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Quaternary Volcanism And Faulting At O’A Caldera, Central Ethiopian Rift
Published 1980 · Geology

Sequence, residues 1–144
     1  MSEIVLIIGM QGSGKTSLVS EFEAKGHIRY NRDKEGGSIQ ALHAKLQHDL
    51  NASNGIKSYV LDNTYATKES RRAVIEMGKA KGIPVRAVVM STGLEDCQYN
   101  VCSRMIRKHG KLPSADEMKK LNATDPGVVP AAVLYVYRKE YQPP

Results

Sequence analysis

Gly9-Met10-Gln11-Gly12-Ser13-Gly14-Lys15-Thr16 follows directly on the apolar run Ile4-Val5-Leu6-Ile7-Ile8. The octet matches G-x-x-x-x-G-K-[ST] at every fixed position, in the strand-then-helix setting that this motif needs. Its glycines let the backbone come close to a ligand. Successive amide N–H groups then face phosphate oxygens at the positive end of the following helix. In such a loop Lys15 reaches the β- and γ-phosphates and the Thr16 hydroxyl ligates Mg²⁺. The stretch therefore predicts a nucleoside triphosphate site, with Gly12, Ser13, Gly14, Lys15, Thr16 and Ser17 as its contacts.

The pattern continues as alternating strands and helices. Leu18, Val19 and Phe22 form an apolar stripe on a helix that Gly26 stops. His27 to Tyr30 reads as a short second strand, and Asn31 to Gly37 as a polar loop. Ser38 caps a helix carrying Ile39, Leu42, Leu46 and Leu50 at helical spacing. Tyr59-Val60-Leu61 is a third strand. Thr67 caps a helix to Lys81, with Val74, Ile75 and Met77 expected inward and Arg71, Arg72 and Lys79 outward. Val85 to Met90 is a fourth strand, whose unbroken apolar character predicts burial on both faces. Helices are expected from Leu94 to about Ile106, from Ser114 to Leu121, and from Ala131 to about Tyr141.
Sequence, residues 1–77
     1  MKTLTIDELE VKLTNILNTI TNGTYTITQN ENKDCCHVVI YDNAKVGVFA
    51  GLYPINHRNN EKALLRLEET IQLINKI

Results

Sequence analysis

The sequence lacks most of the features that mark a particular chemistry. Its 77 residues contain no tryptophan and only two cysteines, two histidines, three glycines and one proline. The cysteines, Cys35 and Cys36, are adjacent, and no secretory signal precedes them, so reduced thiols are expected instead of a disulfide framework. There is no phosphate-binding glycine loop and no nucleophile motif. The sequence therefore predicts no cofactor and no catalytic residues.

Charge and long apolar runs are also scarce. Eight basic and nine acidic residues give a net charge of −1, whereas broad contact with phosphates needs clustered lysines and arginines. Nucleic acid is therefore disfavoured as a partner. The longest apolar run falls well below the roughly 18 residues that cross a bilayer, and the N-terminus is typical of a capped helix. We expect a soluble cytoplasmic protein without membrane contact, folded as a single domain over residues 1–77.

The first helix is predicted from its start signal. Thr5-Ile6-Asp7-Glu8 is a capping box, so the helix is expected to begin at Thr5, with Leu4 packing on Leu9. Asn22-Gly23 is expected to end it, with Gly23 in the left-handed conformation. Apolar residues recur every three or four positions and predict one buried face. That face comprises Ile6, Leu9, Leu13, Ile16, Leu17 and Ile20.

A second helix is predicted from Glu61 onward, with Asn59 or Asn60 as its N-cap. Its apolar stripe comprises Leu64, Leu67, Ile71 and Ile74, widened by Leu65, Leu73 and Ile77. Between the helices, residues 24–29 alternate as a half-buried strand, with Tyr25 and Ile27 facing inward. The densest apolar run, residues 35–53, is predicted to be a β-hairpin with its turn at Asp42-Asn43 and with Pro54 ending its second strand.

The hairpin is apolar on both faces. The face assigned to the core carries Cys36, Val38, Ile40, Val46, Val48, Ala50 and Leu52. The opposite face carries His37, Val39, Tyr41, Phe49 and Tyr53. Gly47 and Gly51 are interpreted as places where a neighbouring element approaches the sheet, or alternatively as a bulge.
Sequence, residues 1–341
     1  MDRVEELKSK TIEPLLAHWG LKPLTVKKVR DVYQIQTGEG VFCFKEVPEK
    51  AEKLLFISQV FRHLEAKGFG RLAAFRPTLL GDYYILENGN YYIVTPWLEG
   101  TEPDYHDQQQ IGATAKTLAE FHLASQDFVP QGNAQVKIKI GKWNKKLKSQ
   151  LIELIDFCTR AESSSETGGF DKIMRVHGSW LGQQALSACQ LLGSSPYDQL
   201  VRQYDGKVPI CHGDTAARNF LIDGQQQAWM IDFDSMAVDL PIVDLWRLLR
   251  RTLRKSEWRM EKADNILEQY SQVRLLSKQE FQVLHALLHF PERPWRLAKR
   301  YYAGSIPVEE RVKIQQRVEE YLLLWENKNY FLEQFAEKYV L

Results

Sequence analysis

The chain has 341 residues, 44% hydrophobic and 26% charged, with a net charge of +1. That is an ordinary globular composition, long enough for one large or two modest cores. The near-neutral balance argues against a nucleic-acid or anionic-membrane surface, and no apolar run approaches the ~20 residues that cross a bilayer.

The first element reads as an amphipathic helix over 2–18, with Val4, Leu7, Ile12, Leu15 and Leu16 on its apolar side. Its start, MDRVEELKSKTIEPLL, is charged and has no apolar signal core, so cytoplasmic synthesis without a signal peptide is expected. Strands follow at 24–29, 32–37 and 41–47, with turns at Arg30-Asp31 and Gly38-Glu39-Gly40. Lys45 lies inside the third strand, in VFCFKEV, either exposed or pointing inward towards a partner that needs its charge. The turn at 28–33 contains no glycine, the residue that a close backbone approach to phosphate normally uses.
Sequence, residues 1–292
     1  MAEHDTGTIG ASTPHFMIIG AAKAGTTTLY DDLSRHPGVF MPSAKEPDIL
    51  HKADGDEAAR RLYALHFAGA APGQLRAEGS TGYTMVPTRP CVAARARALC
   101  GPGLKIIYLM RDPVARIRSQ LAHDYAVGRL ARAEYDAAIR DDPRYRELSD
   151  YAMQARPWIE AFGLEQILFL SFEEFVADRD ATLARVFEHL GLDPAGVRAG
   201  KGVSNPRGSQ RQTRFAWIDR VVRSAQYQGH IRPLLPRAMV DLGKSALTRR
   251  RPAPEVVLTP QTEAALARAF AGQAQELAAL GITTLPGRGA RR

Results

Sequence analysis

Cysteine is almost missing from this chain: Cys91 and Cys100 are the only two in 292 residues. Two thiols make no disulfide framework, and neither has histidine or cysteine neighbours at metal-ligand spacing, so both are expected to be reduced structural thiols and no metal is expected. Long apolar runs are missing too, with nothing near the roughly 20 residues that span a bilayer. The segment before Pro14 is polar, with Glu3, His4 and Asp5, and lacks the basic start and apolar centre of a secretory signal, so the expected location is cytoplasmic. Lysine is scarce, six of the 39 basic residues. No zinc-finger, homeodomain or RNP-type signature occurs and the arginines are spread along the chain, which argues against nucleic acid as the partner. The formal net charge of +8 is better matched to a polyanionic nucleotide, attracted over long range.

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O’a is the largest of the Quaternary caldera volcanoes that punctuate the axis of the Ethiopian rift valley. The known volcanic history of O’a is brief: eruptions of restricted ash-flow tuffs and «tufolavas» were followed by extensive pumice deposition with intervening paleosols, lacustrine sediments, and flows of occasional welded tuffs and rare basalts. Ensuing caldera collapse at c. 0.24 m.y. ago was accompanied by emplacement of two massive ignimbrite flow units comprising a single cooling unit: the first was much more severely welded than the second which shows lahar characteristics. Post-caldera volcanism at O’a has been sparse compared with most other Ethiopian rift centres.O’a volcano exemplifies the common rift association of a caldera set tightly between two offset segments of the Wonji fault belt. The Wonji fault belt marks the youngest tectonism of the rift floor, and in the vicinity of O’a has been active in a major way since caldera subsidence. This faulting is clearly younger than the massive rift margin faulting, which to the northeast of O’a occurred during a tectonic climax dated at c. 1.0 m.y. ago.Radiometric analysis suggests a rather regular level of initial40Ar in O’a basalt lavas sampled near to their original vents. If this level also applies to near-vent basalts dated from other parts of the Ethiopian rift, a regional rift paroxysm of crustal extension and related silicic and basaltic volcanism is evident at c. 0.30–0.20 m.y. ago. Episodic dilatation and associated volcano-tectonism separated by long periods of quiescence appears to be a general feature of continental rift valleys.